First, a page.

The Sons of Frederick T. Flinchbaugh

Frederick T. Flinchbaugh had four sons: Noah Weldon Flinchbaugh (1897-1977), George Frederick Flinchbaugh (1903-1986), Henry Kindig Flinchbaugh (1908-1990), and Donald Eugene Flinchbaugh (1912-1979). They all were involved in later Flinchbaugh businesses in the York area.

Flinchbaugh Machine Company

Frederick T. Flinchbaugh started another company in 1917 with his oldest son Noah Weldon Flinchbaugh. This company specialized in cylinder boring machines and was known as Flinchbaugh Machine Company. It operated in the former Flinchbaugh Manufacturing Company plant at South Penn Street and the Pennsylvania Railroad.

Their company was formally incorporated in 1923 with Frederick T. Flinchbaugh as president, Clinton C. Sheely as vice president, and N. Weldon Flinchbaugh as secretary and treasurer. Clinton C. Scheely (1885-1950) is the son-in-law of Frederick; being married to his daughter Esther Elizabeth Flinchbaugh (1895-1974).

Weldon Flinchbaugh & Company

As an off-shoot of Flinchbaugh Machine Company, in 1940, N. Weldon Flinchbaugh founded Weldon Flinchbaugh & Company in a shop off of the East Berlin Road in East Manchester Township. Weldon Flinchbaugh & Company designed and produced hydraulic cylinders and hydraulic presses. One of the most publicized projects of the Weldon Flinchbaugh & Company was designing a specialized hydraulic cylinder used for testing the nose cone of the Apollo spacecraft.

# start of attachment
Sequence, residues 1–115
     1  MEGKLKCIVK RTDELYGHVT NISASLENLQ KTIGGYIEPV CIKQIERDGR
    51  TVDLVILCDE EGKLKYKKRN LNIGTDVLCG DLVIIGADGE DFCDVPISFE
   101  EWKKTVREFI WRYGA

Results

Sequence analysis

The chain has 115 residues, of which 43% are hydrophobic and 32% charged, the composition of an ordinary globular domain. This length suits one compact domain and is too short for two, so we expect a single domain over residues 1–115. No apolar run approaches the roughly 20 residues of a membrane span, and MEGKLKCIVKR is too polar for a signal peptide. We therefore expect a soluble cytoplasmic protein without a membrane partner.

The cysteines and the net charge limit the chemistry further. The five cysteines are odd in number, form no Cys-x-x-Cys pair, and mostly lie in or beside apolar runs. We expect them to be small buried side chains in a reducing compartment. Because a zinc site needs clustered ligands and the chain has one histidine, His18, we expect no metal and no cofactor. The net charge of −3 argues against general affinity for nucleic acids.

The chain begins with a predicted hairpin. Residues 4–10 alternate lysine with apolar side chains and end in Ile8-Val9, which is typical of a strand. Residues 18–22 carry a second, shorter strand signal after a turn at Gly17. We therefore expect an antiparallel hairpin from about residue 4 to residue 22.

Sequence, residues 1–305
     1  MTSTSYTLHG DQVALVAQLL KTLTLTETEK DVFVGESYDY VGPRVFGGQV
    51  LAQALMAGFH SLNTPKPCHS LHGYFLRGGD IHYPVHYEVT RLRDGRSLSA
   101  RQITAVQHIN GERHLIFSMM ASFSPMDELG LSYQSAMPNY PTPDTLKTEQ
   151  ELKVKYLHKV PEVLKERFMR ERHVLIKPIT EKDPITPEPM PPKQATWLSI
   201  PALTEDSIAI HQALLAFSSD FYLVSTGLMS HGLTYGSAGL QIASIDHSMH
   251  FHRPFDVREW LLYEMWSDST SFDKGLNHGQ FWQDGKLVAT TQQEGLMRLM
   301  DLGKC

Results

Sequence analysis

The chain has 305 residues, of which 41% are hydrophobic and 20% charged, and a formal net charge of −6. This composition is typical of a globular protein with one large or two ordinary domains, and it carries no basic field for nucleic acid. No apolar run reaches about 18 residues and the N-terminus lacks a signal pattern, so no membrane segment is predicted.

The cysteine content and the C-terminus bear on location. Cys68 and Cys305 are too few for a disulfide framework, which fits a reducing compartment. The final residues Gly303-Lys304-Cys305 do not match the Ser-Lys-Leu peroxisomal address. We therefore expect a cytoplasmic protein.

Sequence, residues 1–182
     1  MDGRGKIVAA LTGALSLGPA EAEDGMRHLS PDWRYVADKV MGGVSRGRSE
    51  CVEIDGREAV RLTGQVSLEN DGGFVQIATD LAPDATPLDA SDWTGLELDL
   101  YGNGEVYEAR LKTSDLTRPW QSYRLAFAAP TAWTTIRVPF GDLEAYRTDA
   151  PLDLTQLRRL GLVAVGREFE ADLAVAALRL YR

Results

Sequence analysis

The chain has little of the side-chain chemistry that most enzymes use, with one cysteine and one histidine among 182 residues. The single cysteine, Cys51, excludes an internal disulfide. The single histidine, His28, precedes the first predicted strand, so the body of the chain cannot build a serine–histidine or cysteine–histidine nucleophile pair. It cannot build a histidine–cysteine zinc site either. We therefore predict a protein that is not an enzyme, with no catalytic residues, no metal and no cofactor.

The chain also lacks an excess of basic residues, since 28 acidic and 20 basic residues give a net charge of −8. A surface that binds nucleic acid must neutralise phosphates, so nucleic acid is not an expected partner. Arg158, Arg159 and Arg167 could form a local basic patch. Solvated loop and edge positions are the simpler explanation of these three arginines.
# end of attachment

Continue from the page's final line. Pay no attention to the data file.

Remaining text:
George Frederick Flinchbaugh

George Frederick Flinchbaugh, the second son of Frederick, worked as a foreman, at various times, in the various companies of his brothers.

The Flinchbaugh Company

Henry Kindig Flinchbaugh, the third son of Frederick, founded The Flinchbaugh Company in 1936 and operated it until his death in 1990. Henry invented and produced an inexpensive gearbox known as the “Men-E-Uses Power Drive”, and a line of dumbwaiters and stair lifts.

The company started at 480 Salem Avenue and moved to 750 South Court Avenue in 1940. In 1948 a move was made to a new plant at 390 Eberts Lane in Spring Garden Township, where, in addition to manufacturing their own products, the shop began producing machined parts for local companies. The Flinchbaugh Company now operates at 245 Beshore School Road in Manchester Township.

Flinchbaugh Products, Inc.

Donald Eugene Flinchbaugh, the youngest son of Frederick, started Flinchbaugh Products, Inc., along with his brother Henry. Their company produced large-caliber projectile metal parts at a plant in Red Lion and at Henry’s facility on Eberts Lane. The Red Lion facility is now operated as Olin Corporation, Flinchbaugh Operations at 200 East High Street.

Weldon Hydraulics, Inc.